Wimpy, Steers-owner Famous Brands hikes dividend
Steers and Wimpy-owner Famous Brands has hiked its full-year dividend by more than 80%, reporting earnings that rose more than a third as it benefitted from the lifting of Covid-19 restrictions that saw South Africans flocking back to restaurants.
But while the quick service and casual dining group said on Monday that "foot counts and dwell times" in shopping centres improved to support restaurants located there, it also warned consumers were coming under pressure amid a "competitive environment" that saw it coming head-to-head with others for a "share of wallet".
At the same time, the country's intensifying load shedding affected all its divisions.
The company, which also owns Debonairs Pizza and Mugg & Bean, said the local and global "inflation picture remains elevated" and that South Africa was grappling with country-specific problems such as "persistent load shedding, weak economic growth and high unemployment".
"The restaurant industry is highly exposed to load shedding with impacts including lost revenue, increased operating costs and food waste. We are working with our franchise partners to mitigate the worst impacts of load shedding."
The company reported that its revenue rose 15% to R7.4 billion, "materially higher" than its pre-Covid levels, while operating profit rose 37% to R861 million. Headline earnings per share were also up 37% to 488c, while its dividends per share rose 82% to 363c.-Fin24
Tornado Cash hijacked by hackers
Tornado Cash, a service that allows users to mask cryptocurrency transactions, suffered a hostile takeover by hackers through a malicious governance proposal.
Samczsun, a security researcher at crypto investment firm Paradigm, said on Twitter that an attacker granted themselves 1.2 million fake votes on Saturday. As the fake votes exceeded the 700 000 legitimate votes, it allowed the attacker to gain full control over the governance of Tornado Cash.
Tornado Cash couldn't immediately be reached for comment via its Twitter page.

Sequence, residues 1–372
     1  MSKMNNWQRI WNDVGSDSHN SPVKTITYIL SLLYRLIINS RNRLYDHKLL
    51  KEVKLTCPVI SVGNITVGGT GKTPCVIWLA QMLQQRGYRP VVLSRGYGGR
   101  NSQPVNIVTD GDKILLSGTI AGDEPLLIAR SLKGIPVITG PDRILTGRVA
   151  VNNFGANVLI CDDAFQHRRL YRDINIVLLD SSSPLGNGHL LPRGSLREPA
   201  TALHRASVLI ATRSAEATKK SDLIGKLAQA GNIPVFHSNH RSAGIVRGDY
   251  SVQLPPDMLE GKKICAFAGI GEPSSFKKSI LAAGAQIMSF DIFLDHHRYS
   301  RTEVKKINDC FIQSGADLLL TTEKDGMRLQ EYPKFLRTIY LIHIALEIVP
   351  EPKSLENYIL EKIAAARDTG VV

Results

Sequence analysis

Tornado Cash is a blockchain protocol that is governed by a network of computers. TORN, the governance token of Tornado Cash, enables its holders to vote for changes in the protocol.
"Now that they have all the votes, they can do whatever they want. In this case, they simply withdrew 10 000 votes as TORN and sold it all," Samczsun said in a tweet.
Soon after the news of the exploit, crypto exchange Binance said that it will temporarily pause deposits of TORN. The token fell as much as 44% on Sunday, data from CoinGecko showed.
Tornado Cash is allegedly the preferred tool for hackers and criminals to launder stolen or illicitly acquired funds. Data from Dune Analytics showed over US$8 billion (R155.6 billion) had been sent through Tornado Cash since the service started in 2019.
The US Treasury Department imposed sanctions on Tornado Cash in August after saying the service was used by North Korean hackers to launder illicit gains. North Korea’s Lazarus Group laundered about US$450 million through the service, a Treasury official said then.-Fin24
Tharisa rides record chrome prices
Record-high chrome prices helped mining company Tharisa maintain a steady revenue during the first half of the financial year even as it mined a quarter less reef than it did a year ago.
The company reported a 51% drop in net profit to US$54.7 million during the first half ended March 2023, coming off a US$335 million revenue. Tharisa said it mined 26% less reef during the period. Mining in the period under review was impacted by unprecedented rainfall, which had a material effect on the ability to mine the right ore mix from the multi-seam open pit, said Tharisa, referring to its operations in the North West.